Today, there is perhaps no better place that illustrates Perry's challenges as he works to resurrect his presidential ambitions.

"I wish him the best of luck if he tries to make a comeback," said state Rep. Pam Tucker, who hosted Perry's inaugural New Hampshire rally in her backyard and supported Perry "to the bitter end" in 2012, but wasn't invited to join a small delegation of New Hampshire officials who met with Perry in Texas last month.

Asked about the governor's new image, which includes dark-rimmed glasses that can't help but create an intellectual look, Tucker said: "I don't think a physical makeover is going to make any difference."

Those close to Perry say he is aggressively eyeing a second presidential bid, even if he has to rebuild a political operation from scratch in the state that hosts the nation's first presidential primary. As he begins to re-engage with New Hampshire voters during his first trip to the state since the 2012 election later this month, the Texas Republican faces deep skepticism and lingering embarrassment from some of those who were once among his biggest believers.

Perry will forever be remembered for his performance during one of the many GOP presidential debates in 2010, when he tried repeatedly - but failed - to name the third government agency he would eliminate as part of his budget plan. All he could come up with: "Oops."

"Mistakes were made. You can't hide from that," said Perry adviser Mark Miner, previewing what could become a familiar talking point for a second Perry campaign. "But it's a bigger issue that Washington and the politicians of Washington have forgotten how to govern than Gov. Perry forgetting a government agency two years ago."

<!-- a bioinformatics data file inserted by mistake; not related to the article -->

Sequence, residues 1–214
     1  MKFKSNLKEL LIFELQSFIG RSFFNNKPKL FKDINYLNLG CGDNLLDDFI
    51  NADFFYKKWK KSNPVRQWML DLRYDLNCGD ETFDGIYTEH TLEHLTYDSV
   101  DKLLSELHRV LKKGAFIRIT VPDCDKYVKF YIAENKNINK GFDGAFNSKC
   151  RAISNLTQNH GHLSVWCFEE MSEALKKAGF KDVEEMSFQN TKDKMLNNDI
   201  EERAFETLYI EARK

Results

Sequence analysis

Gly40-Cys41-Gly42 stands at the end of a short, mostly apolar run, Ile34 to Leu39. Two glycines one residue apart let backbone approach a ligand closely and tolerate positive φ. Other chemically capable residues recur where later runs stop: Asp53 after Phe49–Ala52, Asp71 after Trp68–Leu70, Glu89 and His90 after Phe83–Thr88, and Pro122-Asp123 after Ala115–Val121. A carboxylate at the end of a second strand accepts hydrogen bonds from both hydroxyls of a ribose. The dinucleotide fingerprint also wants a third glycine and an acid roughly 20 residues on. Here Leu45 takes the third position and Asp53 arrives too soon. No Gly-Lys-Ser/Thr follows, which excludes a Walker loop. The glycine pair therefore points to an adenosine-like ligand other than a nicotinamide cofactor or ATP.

With chiseled good looks, the 64-year-old is the nation's longest serving governor, having led a state since 2000 that can claim credit for much of the country's recent job growth. He also has a unique ability to connect with voters one-on-one - a significant asset in the diners and living rooms of early voting states of Iowa and New Hampshire.

Perry has also emerged as a leading Republican voice in the immigration debate in recent weeks, having sent 1,000 Texas National Guard troops to the border to help handle an influx of young immigrants.

Major questions remain, however, about his ability to raise money among the party's biggest donors, who are as skeptical in some cases as the New Hampshire voters he disappointed in 2012.